Electroretinography in Cats (Felis) | Vetlexicon
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ISSN 2398-2950

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Synonym(s): ERG


  • Measures the potential difference generated across the retina when stimulated by light.
  • This provides a means of measuring retinal function.
  • The electroretinogram (ERG) consists of a negative 'a' wave, positive 'b' wave and a positive 'c' wave which correspond to the photoreceptors, Muller's cells and retinal pigment epithelium respectively.
  • Many modifications possible to distinguish between rod and cone response.
  • Pattern electroretinograhy is used in research settings to investigate retinal ganglion cell function within the inner retina in cases of glaucoma.
  • Visual evoked potentials are used in a research setting to investigate the central visual pathways.


  • The most common indication in clinical practice is evaluation of retinal function prior to cataract surgery, where fundus assessment is not possible due to the lens opacity.
  • Investigation of sudden onset blindness when the fundus looks normal; most often to distinguish sudden acquired retinal degeneration syndrome from retrobulbar (brain or optic nerve disease) blindness Blindness.
  • Investigation or early detection of various inherited retinopathies (dystrophy or degeneration) Retina: inherited degenerations Retina: degeneration (FPRD/FCRD comparison).


  • Objective, repeatable test.
  • Non-invasive.
  • Equipment becoming more affordable and portable systems available.


  • Specialized equipment and training required.

Technical problems

  • Specialist knowledge required.
  • Artifacts can arise, such as electrical noise interference from electrical equipment in the room.



Anesthetist expertise

  • Typically carried out in lightly sedated cats, in combination with topical anesthesia Local anesthesia: retrobulbar.
  • Measurement of visually evoked potentials requires deep sedation or general anesthesia.

Materials required

Minimum equipment

  • Electroretinogram unit and computer system.
  • Dark room.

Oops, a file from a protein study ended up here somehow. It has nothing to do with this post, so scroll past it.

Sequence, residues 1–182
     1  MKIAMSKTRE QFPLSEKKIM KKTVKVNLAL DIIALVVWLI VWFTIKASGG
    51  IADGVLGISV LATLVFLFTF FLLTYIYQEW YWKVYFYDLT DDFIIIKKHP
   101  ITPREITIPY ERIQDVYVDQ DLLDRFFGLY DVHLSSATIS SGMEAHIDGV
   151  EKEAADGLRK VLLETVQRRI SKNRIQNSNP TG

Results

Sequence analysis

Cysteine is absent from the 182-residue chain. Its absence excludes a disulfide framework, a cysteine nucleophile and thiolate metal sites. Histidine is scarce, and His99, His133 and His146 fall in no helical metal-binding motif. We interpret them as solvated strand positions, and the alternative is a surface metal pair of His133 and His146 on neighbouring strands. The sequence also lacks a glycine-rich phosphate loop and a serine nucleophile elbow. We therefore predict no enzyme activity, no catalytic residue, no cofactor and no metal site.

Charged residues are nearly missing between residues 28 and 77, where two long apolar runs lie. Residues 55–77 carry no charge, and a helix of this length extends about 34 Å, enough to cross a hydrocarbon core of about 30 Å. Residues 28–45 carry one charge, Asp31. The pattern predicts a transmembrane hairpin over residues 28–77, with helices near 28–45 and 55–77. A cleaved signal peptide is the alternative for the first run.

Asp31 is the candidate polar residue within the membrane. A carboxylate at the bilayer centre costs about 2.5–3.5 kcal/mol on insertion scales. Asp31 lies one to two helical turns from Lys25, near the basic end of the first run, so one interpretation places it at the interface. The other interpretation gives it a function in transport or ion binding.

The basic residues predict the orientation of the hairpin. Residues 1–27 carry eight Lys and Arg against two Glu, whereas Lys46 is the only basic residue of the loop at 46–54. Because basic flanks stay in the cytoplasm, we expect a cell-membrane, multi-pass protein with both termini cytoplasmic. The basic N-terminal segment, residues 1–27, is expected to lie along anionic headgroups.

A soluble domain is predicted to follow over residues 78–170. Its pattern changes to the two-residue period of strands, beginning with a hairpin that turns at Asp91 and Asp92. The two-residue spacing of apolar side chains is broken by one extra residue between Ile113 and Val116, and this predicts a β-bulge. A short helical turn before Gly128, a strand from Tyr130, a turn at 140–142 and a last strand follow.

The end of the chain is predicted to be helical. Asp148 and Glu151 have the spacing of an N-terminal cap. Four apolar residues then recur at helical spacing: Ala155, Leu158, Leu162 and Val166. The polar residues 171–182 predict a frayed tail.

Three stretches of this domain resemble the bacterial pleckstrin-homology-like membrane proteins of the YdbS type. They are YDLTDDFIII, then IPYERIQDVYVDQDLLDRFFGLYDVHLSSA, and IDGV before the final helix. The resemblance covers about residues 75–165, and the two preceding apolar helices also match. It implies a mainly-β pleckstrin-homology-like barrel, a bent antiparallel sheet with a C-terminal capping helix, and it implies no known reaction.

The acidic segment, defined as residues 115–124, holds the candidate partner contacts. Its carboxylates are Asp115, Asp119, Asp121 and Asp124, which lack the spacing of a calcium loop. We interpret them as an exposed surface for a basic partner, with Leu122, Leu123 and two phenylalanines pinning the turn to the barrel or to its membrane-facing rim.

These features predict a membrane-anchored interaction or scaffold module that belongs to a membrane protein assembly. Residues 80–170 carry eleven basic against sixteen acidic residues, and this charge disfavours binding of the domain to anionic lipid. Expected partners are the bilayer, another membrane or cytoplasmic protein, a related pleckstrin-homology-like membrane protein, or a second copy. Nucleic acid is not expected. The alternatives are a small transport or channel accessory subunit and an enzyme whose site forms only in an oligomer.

• 'Safe light'.

Stimulating system

  • Strobe light or optical bench with light and shutters.
  • Filters to alter light color and intensity.

Recording system

  • Corneal (active/positive) electrode.
  • Reference (negative) electrode.
  • Ground electrodes.
  • Amplifier.
  • Oscilloscope or computer recording system.

Minimum consumables

  • Sedative or general anesthetic (GA).
  • Mydriatic, eg tropicamide Tropicamide.



  • Apply mydriatic to eye.


  • Sedation or general anesthesia generally required.
  • The advantage of general anesthesia is that it eliminates background muscle activity which will interfere with the measurement of the ERG.



Step 1 - Dark adaptation

  • Approach varies depending on whether a rod or cone response is being investigated.
  • Dark adaption for a minimum of 20 min.
  • Following dark adaption, a 'safe light' should be used to provide illumination for the remainder of the procedure.

Step 2 - Reference and ground electrodes

  • Reference electrode applied subdermally adjacent to the lateral canthus.
  • Ground electrode placed subdermally by the ear base or occiput.

Core procedure

Step 1 - Obtaining the ERG

  • Apply corneal electrode with a coupling agent such as carbomer gel.

Step 2 - Positioning

  • Position strobe light adjacent to test eye and part palpebrae with eyelid speculum.

Step 3 - Measurement

  • The impedance of the three electrodes should be checked to ensure that it is low before proceeding. If it is high, the electrodes should be repositioned and the impedance rechecked.
  • Trigger single strobe pulse and measure the ERG displayed on the oscilloscope.

Step 4 - Repeat

  • Repeat procedure if required.

Step 5 - Record and analyze

  • The computer records the signal.
  • The waveform is analyzed at the time of recording to determine if there are any artifacts with the traces obtained.


Immediate Aftercare

Special precautions

  • Keep patient in subdued environment until effects of the mydriatic and sedation have worn off.


Reasons for treatment failure

  • Poor dark adaptation (depends if measuring light adapted or dark adapted ERG).
  • Poor contact between corneal electrode and corneal surface.
  • Electrical interference.

Further Reading


Refereed papers